As we begin to face the prospects of a world utterly distressed by climate chaos, many of us are beginning to ask what we can do to be part of the solution. Organisations like CAT have long led the way in promoting the renewable energy revolution we so desperately need as part of a collective vision of a fossil-fuel-free future. Some might argue that the new ‘carbon offset’ industry, typified by outfits such as Oxford-based Climate Care, are playing a part in that revolution. They purport to do this by linking the emissions we create from our over-consuming lifestyles in the privileged North with supposedly climate friendly projects in the Global South. It is, on the face of it, a seductive proposition.
It is also a highly contentious one.
The sales pitch from companies such as Climate Care relies heavily on the charitable impulse of their clientele. Their marketing is reminiscent of the controversial child sponsorship schemes of the early 80s, when some charities’ campaigns suggested that all one needed to do to prevent hunger and disease was ‘sponsor a child’ (or, in the case of climate change, ‘a tree’, ‘a stove’, etc.) and everything would be OK. Don’t worry about analysing the real reasons for child poverty in the South and what really needs to be done to solve it, (or what the real reasons for climate change are and what really needs to be done to solve it). Don’t look at the economic policies of the World Bank and the IMF, corporate plunder of the world’s resources, Northern over-consumption and global inequality. No just sponsor this child in Guatemala (this lighting project in Kazakhstan) and ease your conscience.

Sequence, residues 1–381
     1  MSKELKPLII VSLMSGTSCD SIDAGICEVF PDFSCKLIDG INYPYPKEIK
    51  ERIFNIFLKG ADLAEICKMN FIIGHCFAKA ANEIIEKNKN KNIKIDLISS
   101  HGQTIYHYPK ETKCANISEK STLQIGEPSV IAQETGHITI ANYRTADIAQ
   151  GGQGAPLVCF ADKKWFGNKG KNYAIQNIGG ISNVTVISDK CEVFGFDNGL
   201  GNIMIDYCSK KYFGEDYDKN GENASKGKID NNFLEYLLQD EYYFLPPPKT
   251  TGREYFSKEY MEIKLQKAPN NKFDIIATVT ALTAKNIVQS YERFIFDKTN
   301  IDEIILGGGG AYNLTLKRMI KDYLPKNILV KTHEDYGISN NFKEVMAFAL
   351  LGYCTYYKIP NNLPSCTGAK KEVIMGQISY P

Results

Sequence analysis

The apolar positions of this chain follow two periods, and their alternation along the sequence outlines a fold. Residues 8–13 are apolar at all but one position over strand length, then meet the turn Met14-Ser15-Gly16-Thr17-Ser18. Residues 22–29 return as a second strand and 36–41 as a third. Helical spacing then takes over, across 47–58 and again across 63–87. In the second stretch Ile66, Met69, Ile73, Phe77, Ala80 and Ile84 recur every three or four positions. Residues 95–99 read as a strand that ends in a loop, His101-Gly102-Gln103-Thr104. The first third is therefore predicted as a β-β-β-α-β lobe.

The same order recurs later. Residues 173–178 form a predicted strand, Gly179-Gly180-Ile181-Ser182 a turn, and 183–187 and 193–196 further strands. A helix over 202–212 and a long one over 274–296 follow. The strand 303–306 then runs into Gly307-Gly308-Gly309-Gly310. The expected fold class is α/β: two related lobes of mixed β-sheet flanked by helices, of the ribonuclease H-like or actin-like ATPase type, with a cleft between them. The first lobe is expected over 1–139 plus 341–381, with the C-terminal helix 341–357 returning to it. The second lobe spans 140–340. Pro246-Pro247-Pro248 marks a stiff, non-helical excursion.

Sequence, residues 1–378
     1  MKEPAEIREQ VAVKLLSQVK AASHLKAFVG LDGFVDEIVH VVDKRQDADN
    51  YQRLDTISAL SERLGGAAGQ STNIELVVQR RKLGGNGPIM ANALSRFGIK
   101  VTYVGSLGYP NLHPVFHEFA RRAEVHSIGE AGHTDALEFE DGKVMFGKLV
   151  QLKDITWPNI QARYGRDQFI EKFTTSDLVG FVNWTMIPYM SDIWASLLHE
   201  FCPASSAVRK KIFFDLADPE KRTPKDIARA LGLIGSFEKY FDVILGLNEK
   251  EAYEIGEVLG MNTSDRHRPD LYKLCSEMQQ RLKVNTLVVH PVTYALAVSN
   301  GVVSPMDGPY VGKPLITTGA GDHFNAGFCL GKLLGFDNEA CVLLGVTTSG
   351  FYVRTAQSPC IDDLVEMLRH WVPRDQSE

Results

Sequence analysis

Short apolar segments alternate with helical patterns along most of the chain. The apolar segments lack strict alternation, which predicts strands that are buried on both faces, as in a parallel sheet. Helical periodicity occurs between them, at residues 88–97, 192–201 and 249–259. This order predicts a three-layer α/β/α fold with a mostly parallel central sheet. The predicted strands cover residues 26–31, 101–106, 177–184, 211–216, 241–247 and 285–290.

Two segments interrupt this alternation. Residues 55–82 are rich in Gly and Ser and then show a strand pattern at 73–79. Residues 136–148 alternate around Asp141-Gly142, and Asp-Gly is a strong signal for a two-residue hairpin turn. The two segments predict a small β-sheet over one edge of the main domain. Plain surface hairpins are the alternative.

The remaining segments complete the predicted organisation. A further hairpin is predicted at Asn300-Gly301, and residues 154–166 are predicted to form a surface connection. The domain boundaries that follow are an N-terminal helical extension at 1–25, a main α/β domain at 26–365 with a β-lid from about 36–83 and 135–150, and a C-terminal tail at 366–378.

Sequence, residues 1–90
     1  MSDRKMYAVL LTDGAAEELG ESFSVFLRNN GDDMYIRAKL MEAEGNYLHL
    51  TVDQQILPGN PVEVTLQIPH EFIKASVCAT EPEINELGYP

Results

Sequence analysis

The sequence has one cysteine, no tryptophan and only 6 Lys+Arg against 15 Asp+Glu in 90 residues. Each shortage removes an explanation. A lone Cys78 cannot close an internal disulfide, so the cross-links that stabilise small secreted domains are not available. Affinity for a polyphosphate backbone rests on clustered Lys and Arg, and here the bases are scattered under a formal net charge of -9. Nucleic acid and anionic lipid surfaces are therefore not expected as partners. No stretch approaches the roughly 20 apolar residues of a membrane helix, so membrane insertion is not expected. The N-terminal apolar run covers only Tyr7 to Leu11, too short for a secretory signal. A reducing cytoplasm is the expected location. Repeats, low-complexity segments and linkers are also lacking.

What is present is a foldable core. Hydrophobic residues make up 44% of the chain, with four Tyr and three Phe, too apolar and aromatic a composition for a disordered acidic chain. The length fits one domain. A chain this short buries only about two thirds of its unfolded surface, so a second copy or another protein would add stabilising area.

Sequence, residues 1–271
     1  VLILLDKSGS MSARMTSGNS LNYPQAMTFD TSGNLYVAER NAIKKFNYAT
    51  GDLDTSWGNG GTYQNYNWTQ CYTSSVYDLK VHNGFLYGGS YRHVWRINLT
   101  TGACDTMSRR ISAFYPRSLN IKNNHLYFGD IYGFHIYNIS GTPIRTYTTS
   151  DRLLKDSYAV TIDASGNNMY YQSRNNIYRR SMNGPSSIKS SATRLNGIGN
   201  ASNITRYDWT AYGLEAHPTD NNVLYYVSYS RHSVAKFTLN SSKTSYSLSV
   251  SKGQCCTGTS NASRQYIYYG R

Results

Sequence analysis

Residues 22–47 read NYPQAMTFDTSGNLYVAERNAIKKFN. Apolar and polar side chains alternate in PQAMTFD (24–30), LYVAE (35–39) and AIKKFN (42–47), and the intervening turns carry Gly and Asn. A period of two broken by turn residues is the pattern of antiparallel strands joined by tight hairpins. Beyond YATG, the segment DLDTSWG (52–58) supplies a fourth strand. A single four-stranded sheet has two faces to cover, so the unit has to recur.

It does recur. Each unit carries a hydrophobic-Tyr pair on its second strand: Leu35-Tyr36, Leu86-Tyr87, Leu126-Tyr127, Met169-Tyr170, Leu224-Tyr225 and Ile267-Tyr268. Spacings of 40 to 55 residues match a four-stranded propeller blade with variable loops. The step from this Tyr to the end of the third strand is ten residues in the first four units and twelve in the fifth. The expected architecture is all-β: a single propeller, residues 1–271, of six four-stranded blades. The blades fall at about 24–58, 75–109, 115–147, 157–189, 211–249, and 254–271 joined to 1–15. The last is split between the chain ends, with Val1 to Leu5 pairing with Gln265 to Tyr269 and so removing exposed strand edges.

The carbon offset industry not only relies on this fundamental disconnect – it nurtures it.
Their appeal is so great simply because they require us to take no meaningful action other than to buy their services. One company, Climate Friendly, guarantees: ‘In 5 minutes and for the cost of a cappuccino a week, you can go climate neutral now.’ The Government is sold on the idea, and has promised to ‘offset’ all its official flights beginning, fittingly, on April Fools Day.
The overall effect of the industry is to make it even harder to persuade people to actually ‘reduce’ their emissions from source. As Jutta Kill from environmental group FERN states: “The only meaningful solution to the climate crisis is a swift switch to low carbon economies. Not easy, but also not impossible – if only we found the courage to give it a real try. And that’s what the illusion of ‘offsetting’ carbon emissions prevents.”
Soumitra Ghosh, from the National Forum for Forest Peoples and Forest Workers in India, who are fighting offset projects in their country agrees. “We have nothing against planting trees or people helping communities in ‘poor’ countries. But if such actions mean that ‘actual’ and measurable emissions of greenhouse gases would continue as usual under the safe cloak of ‘offsets’ and some people would earn dollars and euros out of such supposedly ‘green’ and ‘environmental’ actions, perhaps it’s time to tear the cloak, once and for all.”
Carbon offsets undermine effective action against climate change. They send the wrong signals to high polluters and work against the goals of climate justice. Many offset projects are also highly contentious and are actively opposed by communities in the Global South. Rather than funding some dubious offset projects to absolve our climate sins, we should be focusing on the one thing we know must happen if the worst excesses of climate chaos are to be avoided – reductions at source. Fly less, buy less, regulate polluters and support communities affected by pollution and climate change. The real solution to climate change is social change. Don’t be CO 2nned by the offset industry.
Adam Ma’anit is Research Associate for Carbon Trade Watch (a project of the Amsterdam-based think-tank the Transnational Institute) and a co-editor of New Internationalist magazine which will devote an entire issue to the subject of carbon offsets in July.